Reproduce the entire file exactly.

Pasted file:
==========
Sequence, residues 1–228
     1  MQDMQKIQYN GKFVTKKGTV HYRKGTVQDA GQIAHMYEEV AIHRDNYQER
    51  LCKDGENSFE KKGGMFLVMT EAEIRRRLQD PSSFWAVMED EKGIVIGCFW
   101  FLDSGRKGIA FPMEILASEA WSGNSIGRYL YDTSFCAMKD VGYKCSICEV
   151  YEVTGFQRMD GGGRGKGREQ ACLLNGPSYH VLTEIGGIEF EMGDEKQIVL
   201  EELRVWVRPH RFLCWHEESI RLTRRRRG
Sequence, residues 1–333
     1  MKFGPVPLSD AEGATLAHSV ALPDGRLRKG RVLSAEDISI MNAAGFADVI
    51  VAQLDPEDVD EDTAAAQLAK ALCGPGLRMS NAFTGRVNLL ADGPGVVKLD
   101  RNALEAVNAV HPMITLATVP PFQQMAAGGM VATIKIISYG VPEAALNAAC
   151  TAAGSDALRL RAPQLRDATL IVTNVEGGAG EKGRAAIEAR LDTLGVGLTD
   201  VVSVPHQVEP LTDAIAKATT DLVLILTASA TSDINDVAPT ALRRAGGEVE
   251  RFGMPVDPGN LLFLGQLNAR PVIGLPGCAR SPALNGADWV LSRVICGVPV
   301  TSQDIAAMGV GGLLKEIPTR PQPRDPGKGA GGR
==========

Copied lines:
Sequence, residues 1–228
     1  MQDMQKIQYN GKFVTKKGTV HYRKGTVQDA GQIAHMYEEV AIHRDNYQER
    51  LCKDGENSFE KKGGMFLVMT EAEIRRRLQD PSSFWAVMED EKGIVIGCFW
   101  FLDSGRKGIA FPMEILASEA WSGNSIGRYL YDTSFCAMKD VGYKCSICEV
   151  YEVTGFQRMD GGGRGKGREQ ACLLNGPSYH VLTEIGGIEF EMGDEKQIVL
   201  EELRVWVRPH RFLCWHEESI RLTRRRRG
Sequence, residues 1–333
     1  MKFGPVPLSD AEGATLAHSV ALPDGRLRKG RVLSAEDISI MNAAGFADVI
    51  VAQLDPEDVD EDTAAAQLAK ALCGPGLRMS NAFTGRVNLL ADGPGVVKLD
   101  RNALEAVNAV HPMITLATVP PFQQMAAGGM VATIKIISYG VPEAALNAAC
   151  TAAGSDALRL RAPQLRDATL IVTNVEGGAG EKGRAAIEAR LDTLGVGLTD
   201  VVSVPHQVEP LTDAIAKATT DLVLILTASA TSDINDVAPT ALRRAGGEVE
   251  RFGMPVDPGN LLFLGQLNAR PVIGLPGCAR SPALNGADWV LSRVICGVPV
   301  TSQDIAAMGV GGLLKEIPTR PQPRDPGKGA GGR